Although only 12,000 people in Sweden are recorded by Statistics Sweden as having one or more parent born in the Palestinian territories, some academics estimate that the true number of people of Palestinian origin could be as high as 80,000.

If you assume that the 200,000, or perhaps even as many as 250,000, Arabic speakers are broadly pro-Palestinian, that's an important voter base.  


And as the demonstrations in Stockholm, Malmö and Gothenburg in the days since the attack have shown, support for the Palestinian cause is strong on the campaigning left. The pro-Palestinian Swedish pressure group Ship to Gaza, is, for example, founded and run by former Left Party MPs.

Sweden's left-wing leaders still unequivocally condemned Hamas' attack. 

Andersson called it "a brutal attack" by a "terror group", saying Israel had a "clear right to defend itself in line with the principles of human rights" and calling on Hamas to "immediately end its attacks".   

Dadgostar called it a "terrible attack", saying that "violence and the attacks must stop" and was ready to "condemn all crimes against civilians and against international law".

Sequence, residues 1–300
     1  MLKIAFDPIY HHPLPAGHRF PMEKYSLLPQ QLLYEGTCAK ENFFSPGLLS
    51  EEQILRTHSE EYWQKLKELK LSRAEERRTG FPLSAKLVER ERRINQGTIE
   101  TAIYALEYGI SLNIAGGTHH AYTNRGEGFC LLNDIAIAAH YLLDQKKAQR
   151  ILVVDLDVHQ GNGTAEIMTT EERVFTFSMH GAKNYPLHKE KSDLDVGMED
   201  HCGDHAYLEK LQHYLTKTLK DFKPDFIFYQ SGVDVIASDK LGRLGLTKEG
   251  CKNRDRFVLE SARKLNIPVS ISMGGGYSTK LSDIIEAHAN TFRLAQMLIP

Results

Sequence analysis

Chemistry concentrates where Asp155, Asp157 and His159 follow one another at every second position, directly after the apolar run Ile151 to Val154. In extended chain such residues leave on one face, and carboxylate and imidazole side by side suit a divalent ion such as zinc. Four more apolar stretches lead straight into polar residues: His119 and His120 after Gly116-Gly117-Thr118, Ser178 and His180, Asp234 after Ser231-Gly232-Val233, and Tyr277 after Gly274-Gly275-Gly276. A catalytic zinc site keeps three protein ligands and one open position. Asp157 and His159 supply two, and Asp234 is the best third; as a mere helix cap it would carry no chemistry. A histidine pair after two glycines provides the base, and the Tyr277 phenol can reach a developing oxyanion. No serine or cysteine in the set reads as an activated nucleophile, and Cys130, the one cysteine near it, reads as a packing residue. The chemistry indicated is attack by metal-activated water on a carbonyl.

Green Party leader Märta Stenevi condemned the "terrible attack on Israel", which she said was "impossible to defend in any way". 

None of this was enough to ward off the criticism, of course.


In an article for Expressen, El-Haj complained that he was the victim of a smear campaign, pointing out that he had in 2018 written in the Sydsvenskan newspaper that people who look Jewish "should not be exposed to abuse or need to feel threatened", whether they are religious or not, and called for "organisations and individuals who carry out terror attacks against Jews to be prosecuted". 

The motion he had filed to Sweden's parliament only days before the attack was deeply critical of Hamas, he added. 

"Hamas is a terrorist organisation, born out of extreme circumstances whose goals we do not share," the motion reads. "Hamas' control of the Gaza strip has not promoted democracy or peace." 

The "Hamas leader" he is accused of hugging, Amin Abu Rashid, claims not to be connected to the terror group. He told Sydsvenskan that he had only been photographed with Hamas politician Ismail Haniyeh because he had visited Gaza at a time when Haniyeh was prime minister. "If I was in Sweden, I would have had a photograph with the King too," he said. 

The European Palestinian Conference, held in Malmö in June, which Rashid organised, put out press releases denouncing claims it is "pro-Hamas" or "Hamas-organised" as "a naked attempt by the Israeli occupation regime to suffocate European opinion".